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Some Planning + Some Spontaneity = Authenticity
By: Janet Kalandranis
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In a traditional branding sense there has always been a lot of talk around planning and strategies and visions. These are the tools that all brands use to create a brand, grow a brand, and make it succeed. Without some planning, brands can’t expect to have a business with a really strong sense of who it is, what it does, and where it plans to go. Planning = good business. But then there’s the other side: spontaneity. This is not the “crazy” behavior that many associate with the word, but instead real, relevant tactics that add to a planned strategy. Success doesn’t come from all planning or all spontaneity, but instead is created with the marriage of the two. And that, friends, is how brands achieve authenticity.

Let’s talk real-world examples here. Social media is a great way to demonstrate the combination of planning and spontaneity, both for small and large brands. Those brands that plan out a social media strategy are really much more successful than those brands that create an account and never use it. Everyone has seen those brands — the ones that post for a couple weeks, a couple months, and then it’s so shockingly silent that many times customers wonder if they are on the correct Facebook page. Brands that plan out weekly posts and specific topics are forced to make sure there is a consistent conversation between the customers and the company.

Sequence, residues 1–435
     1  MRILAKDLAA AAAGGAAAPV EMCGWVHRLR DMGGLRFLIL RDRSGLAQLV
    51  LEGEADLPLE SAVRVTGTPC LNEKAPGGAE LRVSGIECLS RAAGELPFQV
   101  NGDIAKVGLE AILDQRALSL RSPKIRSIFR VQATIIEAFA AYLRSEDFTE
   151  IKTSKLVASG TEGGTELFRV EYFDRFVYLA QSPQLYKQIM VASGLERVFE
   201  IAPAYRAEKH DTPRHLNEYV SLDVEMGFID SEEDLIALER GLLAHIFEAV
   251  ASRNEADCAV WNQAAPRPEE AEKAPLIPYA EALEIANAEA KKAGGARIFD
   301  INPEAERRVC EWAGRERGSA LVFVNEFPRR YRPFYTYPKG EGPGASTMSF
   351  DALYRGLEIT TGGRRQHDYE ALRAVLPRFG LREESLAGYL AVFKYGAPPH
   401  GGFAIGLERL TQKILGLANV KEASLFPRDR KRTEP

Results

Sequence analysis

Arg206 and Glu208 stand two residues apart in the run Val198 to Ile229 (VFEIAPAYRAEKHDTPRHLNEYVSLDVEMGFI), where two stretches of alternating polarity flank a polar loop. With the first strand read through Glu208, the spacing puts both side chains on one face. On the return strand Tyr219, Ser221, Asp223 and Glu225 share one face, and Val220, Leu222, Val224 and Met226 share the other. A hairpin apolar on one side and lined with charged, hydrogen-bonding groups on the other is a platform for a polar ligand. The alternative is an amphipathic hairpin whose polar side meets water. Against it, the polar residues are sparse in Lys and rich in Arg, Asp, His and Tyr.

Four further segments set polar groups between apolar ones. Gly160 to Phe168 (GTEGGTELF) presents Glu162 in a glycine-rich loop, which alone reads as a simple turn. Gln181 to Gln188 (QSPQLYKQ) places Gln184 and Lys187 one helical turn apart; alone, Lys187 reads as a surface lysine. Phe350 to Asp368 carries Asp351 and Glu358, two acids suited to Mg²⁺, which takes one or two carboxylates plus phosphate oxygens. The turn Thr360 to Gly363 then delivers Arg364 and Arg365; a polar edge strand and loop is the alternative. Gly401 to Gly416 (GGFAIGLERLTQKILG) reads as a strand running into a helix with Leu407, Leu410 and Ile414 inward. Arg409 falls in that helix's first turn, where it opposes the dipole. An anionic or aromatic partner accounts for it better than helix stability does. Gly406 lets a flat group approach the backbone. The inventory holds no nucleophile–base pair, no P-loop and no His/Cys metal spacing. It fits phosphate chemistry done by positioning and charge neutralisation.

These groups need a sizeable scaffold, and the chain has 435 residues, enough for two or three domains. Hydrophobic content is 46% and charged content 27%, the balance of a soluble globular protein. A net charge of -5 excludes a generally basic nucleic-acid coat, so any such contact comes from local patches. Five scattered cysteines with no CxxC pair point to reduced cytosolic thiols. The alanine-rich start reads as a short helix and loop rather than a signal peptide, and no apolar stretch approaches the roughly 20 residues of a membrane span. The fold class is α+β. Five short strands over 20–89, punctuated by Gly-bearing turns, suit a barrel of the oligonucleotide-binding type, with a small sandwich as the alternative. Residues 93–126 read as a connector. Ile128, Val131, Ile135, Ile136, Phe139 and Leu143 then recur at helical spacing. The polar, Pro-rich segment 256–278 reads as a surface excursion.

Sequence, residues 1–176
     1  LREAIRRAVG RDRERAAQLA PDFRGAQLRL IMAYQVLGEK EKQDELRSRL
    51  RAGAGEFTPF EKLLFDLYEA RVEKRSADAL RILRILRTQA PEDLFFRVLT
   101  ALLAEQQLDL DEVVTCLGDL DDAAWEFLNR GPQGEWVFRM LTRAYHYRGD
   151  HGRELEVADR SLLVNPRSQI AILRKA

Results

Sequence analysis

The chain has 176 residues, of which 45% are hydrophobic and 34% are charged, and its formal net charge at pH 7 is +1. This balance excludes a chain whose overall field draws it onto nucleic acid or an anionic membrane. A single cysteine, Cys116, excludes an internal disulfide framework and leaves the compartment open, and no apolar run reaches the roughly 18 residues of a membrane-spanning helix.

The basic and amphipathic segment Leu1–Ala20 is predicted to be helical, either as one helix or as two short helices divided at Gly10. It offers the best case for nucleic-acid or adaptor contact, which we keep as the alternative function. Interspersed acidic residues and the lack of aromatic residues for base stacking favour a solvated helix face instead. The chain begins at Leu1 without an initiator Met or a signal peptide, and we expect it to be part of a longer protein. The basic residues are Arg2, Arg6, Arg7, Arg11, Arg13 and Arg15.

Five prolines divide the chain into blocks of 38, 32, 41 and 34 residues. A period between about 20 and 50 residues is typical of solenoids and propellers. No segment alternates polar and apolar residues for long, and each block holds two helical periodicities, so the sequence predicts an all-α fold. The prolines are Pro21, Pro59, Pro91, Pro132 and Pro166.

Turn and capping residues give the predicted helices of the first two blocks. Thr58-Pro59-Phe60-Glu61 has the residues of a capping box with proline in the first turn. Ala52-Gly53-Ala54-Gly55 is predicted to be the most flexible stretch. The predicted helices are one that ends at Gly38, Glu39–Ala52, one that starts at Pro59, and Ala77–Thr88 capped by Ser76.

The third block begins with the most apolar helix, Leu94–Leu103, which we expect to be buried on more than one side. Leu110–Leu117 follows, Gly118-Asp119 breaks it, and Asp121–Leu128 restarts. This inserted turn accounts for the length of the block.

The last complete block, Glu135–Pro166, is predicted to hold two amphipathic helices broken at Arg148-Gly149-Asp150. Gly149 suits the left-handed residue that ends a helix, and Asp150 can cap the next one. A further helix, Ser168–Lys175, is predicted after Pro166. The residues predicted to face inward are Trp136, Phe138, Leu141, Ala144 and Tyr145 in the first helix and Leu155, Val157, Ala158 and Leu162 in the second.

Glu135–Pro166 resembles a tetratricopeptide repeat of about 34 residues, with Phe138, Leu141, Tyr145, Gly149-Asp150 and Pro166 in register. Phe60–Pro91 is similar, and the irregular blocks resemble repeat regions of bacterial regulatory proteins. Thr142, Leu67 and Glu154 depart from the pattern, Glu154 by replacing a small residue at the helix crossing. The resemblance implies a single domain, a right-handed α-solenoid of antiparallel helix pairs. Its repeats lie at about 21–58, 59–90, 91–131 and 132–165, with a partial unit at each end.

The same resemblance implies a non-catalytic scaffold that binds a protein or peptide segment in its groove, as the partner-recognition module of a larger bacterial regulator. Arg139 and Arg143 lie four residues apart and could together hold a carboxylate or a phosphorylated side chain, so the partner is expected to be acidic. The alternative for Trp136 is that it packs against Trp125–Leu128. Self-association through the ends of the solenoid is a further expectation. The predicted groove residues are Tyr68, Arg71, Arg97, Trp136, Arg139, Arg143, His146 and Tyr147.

But then there’s that other part of social media. The part that is real, authentic, and completely unplanned. The spontaneous part. When brands are able to integrate posts and content that are connected to the moment, to a person in the organization, and really are the “right-now” thoughts of the brand. This keeps customers interested and doesn’t feel like they are only receiving those promotional or brand messages that so often fill up their social media accounts.

The key to authenticity, though, is balance. Because if a brand solely uses planned posts, customers will catch on in no time at all. No customer wants to feel like they are in a state of constant promotion with a brand. But then on the other side, customers want to know more about the brand and understand what it offers — so if there are only spontaneous posts, customers might feel like they don’t truly understand what the brand has to offer. Best bet? Do the math and deliver some planning + some spontaneity = authenticity.

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About the Author
Janet Kalandranis is here to give you all the little brand thoughts that run through her head with a little dash of spice. Find her online here.
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